House conservatives on Wednesday seemed resigned to the fact that they had lost the latest round in the fight over the budget, but they did not regret having the fight, and vowed to press on.
“Anytime you stand up for the American people it’s worth it,” Representative Raul Labrador (R., Idaho) said at a “Conversation with Conservatives” lunch hosted by the Heritage Foundation.
“At the end of the day, standing up and doing what’s right is more important than what happens in the next election,” said Representative Tim Huelskamp (R., Kan.), who recalled Ronald Reagan’s hardline stance against the Soviet Union during the Cold War, and the moderates in his own party who had urged Reagan to soften his tone. “Waving the white flag of surrender is never going to work, politically and policy-wise, whether it’s in front of the Berlin wall or sitting here today in Washington, D.C.”
Conservative members argued that the shutdown fight had brought increased attention to Obamacare and its myriad shortcomings, and pushed back against the media narrative that the shutdown had been a political distraction. At the same time, they criticized the media for biased coverage over the past several weeks, and repeatedly praised Daily Show host Jon Stewart for daring to ask tough questions of Health and Human Services secretary Kathleen Sebelius.
The lawmakers expressed various opinions as to what Republicans should have done differently in order to bring about a better outcome. Labrador suggested that House leadership should have passed a “clean” debt-limit increase for six weeks, in order to put more focus on the fight over Obamacare and the continuing resolution. Huelskamp said he would have preferred that Republicans initiated the debate months earlier, while Representative Ron DeSantis (R., Fla.) lamented that Republicans “didn’t really articulate” their opposition to unpopular items like the individual mandate and the health-care subsidy for members of Congress and their staff, both of which “kind of got lost in the shuffle” of the initial GOP push for a full defunding of Obamacare.
Perhaps surpsingly, conservative members decline to openly criticize House leadership. Representative Jim Jordan (R., Ohio) said there was “absolutely no talk” of a movement to oust House Speaker John Boehnert (R., Ohio). Labrador said he has been “really proud” of Boehner over the past couple of weeks, saying: “I don’t think he should be ashamed of anything that he has done.” Labrador did, however, take shots at his Republicans colleauges who have spent the last several weeks “whining to the media,” and who he said were unwilling to put up a fight to stop Obamacare. “If anybody should be kicked out, it’s probably those Republicans,” he said. “Apparently, some people didn’t come here to do the hard things, they came here to continue to kick the can down the road.”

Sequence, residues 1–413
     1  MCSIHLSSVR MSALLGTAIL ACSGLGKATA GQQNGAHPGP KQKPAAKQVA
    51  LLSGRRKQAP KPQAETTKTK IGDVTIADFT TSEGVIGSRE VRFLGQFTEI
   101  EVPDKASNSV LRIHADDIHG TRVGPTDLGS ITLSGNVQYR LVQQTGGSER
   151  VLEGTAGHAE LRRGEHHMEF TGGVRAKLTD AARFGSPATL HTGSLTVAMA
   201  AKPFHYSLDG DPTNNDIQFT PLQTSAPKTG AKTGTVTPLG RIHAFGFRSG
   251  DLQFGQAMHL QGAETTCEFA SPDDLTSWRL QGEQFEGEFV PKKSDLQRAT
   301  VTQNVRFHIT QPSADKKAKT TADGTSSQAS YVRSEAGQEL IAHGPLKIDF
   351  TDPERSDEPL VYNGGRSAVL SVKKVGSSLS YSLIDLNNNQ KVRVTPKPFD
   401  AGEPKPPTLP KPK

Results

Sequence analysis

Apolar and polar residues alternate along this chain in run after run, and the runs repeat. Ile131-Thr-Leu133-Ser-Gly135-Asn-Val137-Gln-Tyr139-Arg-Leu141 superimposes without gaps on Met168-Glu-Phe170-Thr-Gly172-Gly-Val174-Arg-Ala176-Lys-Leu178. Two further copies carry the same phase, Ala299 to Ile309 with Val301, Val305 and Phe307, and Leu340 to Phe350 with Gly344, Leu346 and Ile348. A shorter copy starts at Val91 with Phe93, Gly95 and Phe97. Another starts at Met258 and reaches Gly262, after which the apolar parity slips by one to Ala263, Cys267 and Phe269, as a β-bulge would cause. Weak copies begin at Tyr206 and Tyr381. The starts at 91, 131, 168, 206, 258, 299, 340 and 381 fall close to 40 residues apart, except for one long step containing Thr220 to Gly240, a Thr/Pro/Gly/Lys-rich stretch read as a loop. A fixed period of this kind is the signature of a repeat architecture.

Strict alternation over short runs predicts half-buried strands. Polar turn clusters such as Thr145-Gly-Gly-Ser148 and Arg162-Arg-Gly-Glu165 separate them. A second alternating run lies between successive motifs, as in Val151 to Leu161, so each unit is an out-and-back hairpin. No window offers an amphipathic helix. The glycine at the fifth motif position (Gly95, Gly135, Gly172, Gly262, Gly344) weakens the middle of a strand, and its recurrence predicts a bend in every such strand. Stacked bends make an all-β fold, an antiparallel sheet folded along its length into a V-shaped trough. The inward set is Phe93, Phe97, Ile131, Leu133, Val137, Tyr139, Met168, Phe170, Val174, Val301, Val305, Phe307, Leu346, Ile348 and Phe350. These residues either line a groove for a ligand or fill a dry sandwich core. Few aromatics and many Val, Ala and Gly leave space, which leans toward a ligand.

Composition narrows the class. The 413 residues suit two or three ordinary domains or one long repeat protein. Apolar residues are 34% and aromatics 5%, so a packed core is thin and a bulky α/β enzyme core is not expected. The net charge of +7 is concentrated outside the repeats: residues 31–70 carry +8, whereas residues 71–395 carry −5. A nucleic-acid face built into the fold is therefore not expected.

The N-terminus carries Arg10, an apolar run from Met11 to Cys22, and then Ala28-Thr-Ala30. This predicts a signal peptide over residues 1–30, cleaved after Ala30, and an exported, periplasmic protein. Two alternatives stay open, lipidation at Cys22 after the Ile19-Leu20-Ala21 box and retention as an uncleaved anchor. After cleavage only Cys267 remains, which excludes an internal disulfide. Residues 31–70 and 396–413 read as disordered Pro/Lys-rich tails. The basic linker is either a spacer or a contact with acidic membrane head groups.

Conservatives should turn their focus now to upcoming political battles, including the 2014 midterms. Jordan said Republicans should work towards the acheivable task of retaking control of the Senate, so that the GOP can have greater leverage in future policy debates. “Elections are how we do things in this country, and we all get tired of having to wait until the next election, but that’s just the way this great nation works,” he said.
The lawmakers also shrugged of suggestions that the shutdown fight, and the GOP’s low approval rating at the moment would hurt them in the upcoming elections. “We don’t live and die by the polls,” said Representative Matt Salmon (R., Ariz.). Labrador said Republicans would improve on their past performances because “now we showed the American people we are willing to fight.”
Meanwhile, the Senate-broked deal to end the shutdown and raise the debt limit, which is likely to be voted on today in both chambers (when asked if they would support it, the conservative members just laughed in response), will set up another budget showdown early next year. “The debt will be bigger and Obamacare will be more unpopular,” Jordan said, echoing his colleagues’ sentiment that Republicans should be well-positioned politically. By that time, Huelskamp added, more candidates will have announced primary challenges to unseat Republican incumbents, which might “encourage people to have some more backbone.”